bulk of Langley in the distance, and I spotted a gully leading up 
to a break in the cliffs that looked like class 2.  This gully, 
northwest of Cottonwood Lake #5, turned out to be a mile north 
of the route over Old Army Pass recommended by a ranger in 
Lone Pine, but it was more direct and interesting so I think it's 
the way to go.

The 2000-foot climb up the gully to the Sierra crest was lonely 
but beautiful, wandering up through a jumble of boulders as big 
as pickup trucks, then up sandy scree slopes with huge cliffs 
above.  At the top was a 10-foot, nearly vertical snow bank that 
stopped me for a minute, but I soon found a way to clamber up 
it.  Above was an amazing sight -- a vast silent sandy plateau 
extending for about 2 miles, all of it above 13,000 feet, devoid 
of vegetation, marked only by a climbers' foot trail that looked 
like a camel track through the Sahara desert.  I strolled up that 
camel track under cloudless skies, heading for the final 500-foot 
boulder pile that led to the summit.  It was almost like walking 
on a beach.  Scrambling up the boulders, I caught up to a 
foursome from LA, and just after 1 p.m. we topped out.

The hike down was great fun -- I just had to find the correct spot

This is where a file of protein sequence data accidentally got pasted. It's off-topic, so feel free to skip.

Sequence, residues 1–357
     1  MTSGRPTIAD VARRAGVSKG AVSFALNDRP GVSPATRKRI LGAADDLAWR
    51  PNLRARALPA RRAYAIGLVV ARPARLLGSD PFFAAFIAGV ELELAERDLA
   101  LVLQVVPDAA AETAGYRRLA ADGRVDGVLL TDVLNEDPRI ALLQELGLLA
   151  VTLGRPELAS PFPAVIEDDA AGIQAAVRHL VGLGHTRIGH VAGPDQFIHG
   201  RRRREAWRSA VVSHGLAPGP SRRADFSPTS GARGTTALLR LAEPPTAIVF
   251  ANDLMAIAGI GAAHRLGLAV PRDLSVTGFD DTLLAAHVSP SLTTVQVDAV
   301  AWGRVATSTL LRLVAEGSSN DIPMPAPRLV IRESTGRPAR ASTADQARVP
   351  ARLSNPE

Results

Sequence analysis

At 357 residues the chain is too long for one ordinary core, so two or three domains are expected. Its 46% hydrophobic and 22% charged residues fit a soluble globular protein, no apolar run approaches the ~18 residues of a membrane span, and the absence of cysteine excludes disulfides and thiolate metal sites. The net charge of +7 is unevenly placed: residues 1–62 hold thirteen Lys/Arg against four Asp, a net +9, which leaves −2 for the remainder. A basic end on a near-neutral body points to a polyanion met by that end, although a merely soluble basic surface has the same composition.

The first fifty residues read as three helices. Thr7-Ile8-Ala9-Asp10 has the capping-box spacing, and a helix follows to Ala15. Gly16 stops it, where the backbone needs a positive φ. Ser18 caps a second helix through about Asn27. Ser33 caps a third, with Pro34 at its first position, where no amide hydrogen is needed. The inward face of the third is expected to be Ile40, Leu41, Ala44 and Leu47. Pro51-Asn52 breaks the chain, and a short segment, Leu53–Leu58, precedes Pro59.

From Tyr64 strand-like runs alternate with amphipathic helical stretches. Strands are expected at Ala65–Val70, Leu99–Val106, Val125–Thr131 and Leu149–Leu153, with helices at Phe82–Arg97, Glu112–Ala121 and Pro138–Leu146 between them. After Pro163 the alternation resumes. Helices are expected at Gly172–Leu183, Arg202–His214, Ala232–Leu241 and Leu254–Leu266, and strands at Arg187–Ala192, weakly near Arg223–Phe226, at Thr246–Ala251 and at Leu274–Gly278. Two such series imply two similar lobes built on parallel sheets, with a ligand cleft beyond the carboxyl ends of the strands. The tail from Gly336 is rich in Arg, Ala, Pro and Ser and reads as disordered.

to leave the plateau and go down the scree gully (there's no sign 
of it from the plateau, just a 2-mile long cliff edge).

I got down to Cottonwood Lake #5 at 3:30 and took a long break, 
then continued down the beautiful trail past the other Cottonwood 
Lakes and down into the forest.  I got back to my camp just after 
6 p.m., for an 11-hour day.  But 3 of those hours were spent 
taking various breaks, so Langley is very doable as a dayhike, 
even in fall when the days are shorter.  I slept well under the 
stars that night, waking briefly to listen to the campground bears 
bang the garbage cans around a few hundred feet away.  
Wednesday morning I headed hom

- Jim Ramaker

Official (PCS) Trips

PCS trips must be submitted through the Scheduler (see 
back cover for details). Trips not received from the 
Scheduler will be listed as PRIVATE, without recourse.

*** Harrington
Peak:	Mt Harrington (11,005')	class 3
Dates:	June 7-8	Sat-Sun
Map:	Marion Peak 15'
Leader:	Kelly Maas   408-279-2054     maas@idt.com
Co-Leader:	WANTED

Don't worry that you've never heard of Harrington before. It's not the highest 
peak around but it's well situated between the mighty middle and south 
forks of the Kings River and is said to have great views. The basic goal 
here is to have a fun weekend in the mountains, which will be aided by "a 
short but enjoyable class 3 route" on the north ridge. The trip should not 
otherwise be difficult, except for the large elevation gain. The trailhead is 
Cedar Grove at 4600'.

*** Cherry Creek Canyon Adventure Backpack
Trip:	cross-country backpacking	class 2-3 
Dates:	June 14-15	Sat-Sun
Maps:	Cherry Lake North 7.5', Kibbie Lake 7.5'
Leader:	Kai Weidman	415-347-5234

Cherry Creek Canyon is one of the most scenic places I've ever seen 
We'll see raging rapids, quiet pools of crystal-clear water, sunny 
slabs of smooth granite, and rose-colored polished domes. Our